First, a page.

BY Vani IN Book Reviews
An Ode to Bharatanatyam: ‘Rasia’ is a Heady Mix of Love & Jealousy [Quint]
Born and brought up in the United States, ballet dancer, Vatsala Pandit is young, talented and free-spirited. She is also volatile in her temperament and fiercely wilful – a proverbial brat, so to say – and a complete antithesis of shy and introverted Bharatanatyam dancer, Manasi Bhattacharya. Between these two women is the drop-dead handsome hero of our story, dance virtuoso, Raj Shekhar Subramanian. Where Manasi is married to him. Vatsala covets him. Using dance as a theme to bind all her characters together, Koral Dasgupta creates a riveting tale of love, passion and obsession in her latest novel, Rasia (published by Rupa).
For someone who is a keen lover of all forms of art, it is not a surprise that she chose an idea like this to write her third novel, even so – “it required years of in-depth research, and no less, especially the bits about Bharatanatyam,” she tells me over an email. “I consulted with Thankamani Kutty’s dance team in Kolkata and Chitra Shankar from Singapore. An interview with choreographer Bosco Martis also helped me to get the attitude (of the dancers) right,” she says. However, since Bharatanatyam, as a dance form, has traditionally been used to interpret mythical legends from sacred Hindu texts, the novel is also replete with references to mythology. To her credit, instead of dumping all her research on the readers like a rookie writer, Dasgupta deftly melds it with the story. Here’s an excerpt from the novel where Manasi (Shekhar’s wife) ruminates on her fascination with Goddess Kali and how it led her to marry her engineer-turned-dancer husband:
“My fondness for Kali had started when I read the works of Ramkrishna Paramhansa and later, the complete works of Swami Vivekananda in my teens…In the meaning and representation of Kali, I find the most feminine purpose of a woman. ‘Destroy everything that adds to your pride; in fact, destroy your pride. Rebuild and rediscover, as if you are no one and you never had anything. Cleanse your system. Let not the evil tempt you towards a mundane existence. Exist fearlessly, as if there is no tomorrow; because actually, there isn’t one,’ I remember the preacher at Vivekananda Mandir saying thus. It is perhaps this fearlessness that lead me to instinctively marry a man who was going to pursue an uncertain career.”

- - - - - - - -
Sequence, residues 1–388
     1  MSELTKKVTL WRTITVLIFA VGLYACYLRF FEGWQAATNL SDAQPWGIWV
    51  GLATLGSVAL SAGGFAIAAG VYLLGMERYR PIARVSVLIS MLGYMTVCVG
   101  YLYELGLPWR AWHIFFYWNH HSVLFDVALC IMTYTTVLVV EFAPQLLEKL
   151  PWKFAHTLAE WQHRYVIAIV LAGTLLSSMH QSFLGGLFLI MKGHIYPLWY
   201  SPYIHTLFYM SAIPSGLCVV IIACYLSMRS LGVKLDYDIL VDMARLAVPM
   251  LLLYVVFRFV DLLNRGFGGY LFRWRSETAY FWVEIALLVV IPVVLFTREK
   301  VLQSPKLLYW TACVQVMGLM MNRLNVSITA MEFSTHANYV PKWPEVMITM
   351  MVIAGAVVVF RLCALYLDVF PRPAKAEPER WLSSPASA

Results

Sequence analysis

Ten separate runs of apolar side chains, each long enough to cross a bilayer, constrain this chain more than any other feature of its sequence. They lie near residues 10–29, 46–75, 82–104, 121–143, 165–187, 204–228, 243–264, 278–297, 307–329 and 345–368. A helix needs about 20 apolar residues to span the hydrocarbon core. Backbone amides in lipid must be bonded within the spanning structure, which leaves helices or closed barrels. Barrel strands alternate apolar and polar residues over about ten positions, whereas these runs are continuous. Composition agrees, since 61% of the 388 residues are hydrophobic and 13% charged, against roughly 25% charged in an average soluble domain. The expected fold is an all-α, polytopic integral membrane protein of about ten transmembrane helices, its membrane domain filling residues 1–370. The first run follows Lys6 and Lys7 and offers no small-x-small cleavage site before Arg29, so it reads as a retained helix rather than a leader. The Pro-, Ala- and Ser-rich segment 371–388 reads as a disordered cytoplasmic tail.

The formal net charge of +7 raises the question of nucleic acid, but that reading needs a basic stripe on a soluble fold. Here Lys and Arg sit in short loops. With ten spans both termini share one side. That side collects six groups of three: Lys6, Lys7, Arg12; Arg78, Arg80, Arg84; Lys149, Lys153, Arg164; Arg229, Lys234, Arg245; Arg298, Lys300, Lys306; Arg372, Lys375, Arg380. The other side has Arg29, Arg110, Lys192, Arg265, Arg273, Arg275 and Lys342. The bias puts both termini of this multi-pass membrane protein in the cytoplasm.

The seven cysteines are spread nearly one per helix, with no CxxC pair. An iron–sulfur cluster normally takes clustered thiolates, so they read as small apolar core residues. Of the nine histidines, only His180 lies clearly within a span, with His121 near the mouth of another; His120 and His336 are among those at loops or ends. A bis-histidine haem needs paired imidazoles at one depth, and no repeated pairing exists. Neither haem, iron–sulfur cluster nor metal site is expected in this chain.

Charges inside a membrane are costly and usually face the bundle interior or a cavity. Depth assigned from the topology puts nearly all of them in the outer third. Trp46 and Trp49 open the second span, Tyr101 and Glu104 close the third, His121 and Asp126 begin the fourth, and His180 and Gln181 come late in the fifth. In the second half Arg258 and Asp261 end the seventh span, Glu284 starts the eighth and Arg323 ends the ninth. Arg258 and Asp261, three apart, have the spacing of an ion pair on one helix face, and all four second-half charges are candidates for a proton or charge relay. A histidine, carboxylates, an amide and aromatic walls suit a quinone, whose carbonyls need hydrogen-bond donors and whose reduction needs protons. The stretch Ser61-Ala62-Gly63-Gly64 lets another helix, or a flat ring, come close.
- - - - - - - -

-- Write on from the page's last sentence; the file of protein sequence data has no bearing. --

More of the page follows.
Explaining her many interests, Dasgupta tells me how she was brought up on a rich diet of literature, art and Indian mythology. “That list did not include Bharatanatyam, though,” she says. Despite that, the author has done an impressive job of explaining the nuances and techniques of this dance form to the readers. Most of this has been achieved through the main characters of her story, Manasi and Shekhar, both of whom run a dance academy in Mumbai called, Kala Mandir. Following is another excerpt from the book where Shekhar is explaining the origin of Bharatanatyam to one of his students:
“Bharatanatyam was created not just for pleasure of the divine, but to embody cosmic relationships and expressions for all worlds. Hence, it draws inspiration from all activities, be it work or leisure, calm or laughter, war or peace. When Bharata along with the apsaras and Gandharvs performed Bharatanatyam for Shiva, he asked Maharishi Tandu to develop it further into a Tandava, which later came to mean ‘masculine’ style of dance, and got recognized as the Cosmic Dance of Shiva.”
In that way, the author has not only written a mature romance, but also one that leaves the readers (more so the NRI community) with a deep sense of appreciation for Indian art and culture. This is again one of the recurring themes in the novel, where Shekhar, the protagonist of the novel, is emphatic about not mixing and fusing Bharatanatyam with any other dance form like ballet, for instance. “Just like a mother doesn’t need to accentuate her beauty to come to her child, I feel Bharatanatyam is an extremely self-sufficient dance form, the beauty of which only increases the more you explore it within its boundaries,” he reiterates time and again in the novel.
Another theme that the author also captures in the novel, albeit a bit more subtly is of ‘unity’ – how an art form (any art form, for that matter) has the capacity to bind people. Raj Shekhar Subramanian, for instance, is an orphan. He is married to a Bengali, and training students who belong to different religions and come from all sorts of backgrounds. Together they compose and perform one of the most fascinating dance performances of their lives, aptly titled, Rasia – a conjugal dance between Lord Shiva and his two divine consorts, Gauri and Kali. These and other such themes explored in Rasiamake it quite unlike other romance novels flooding the market, and a most enjoyable read, that too.
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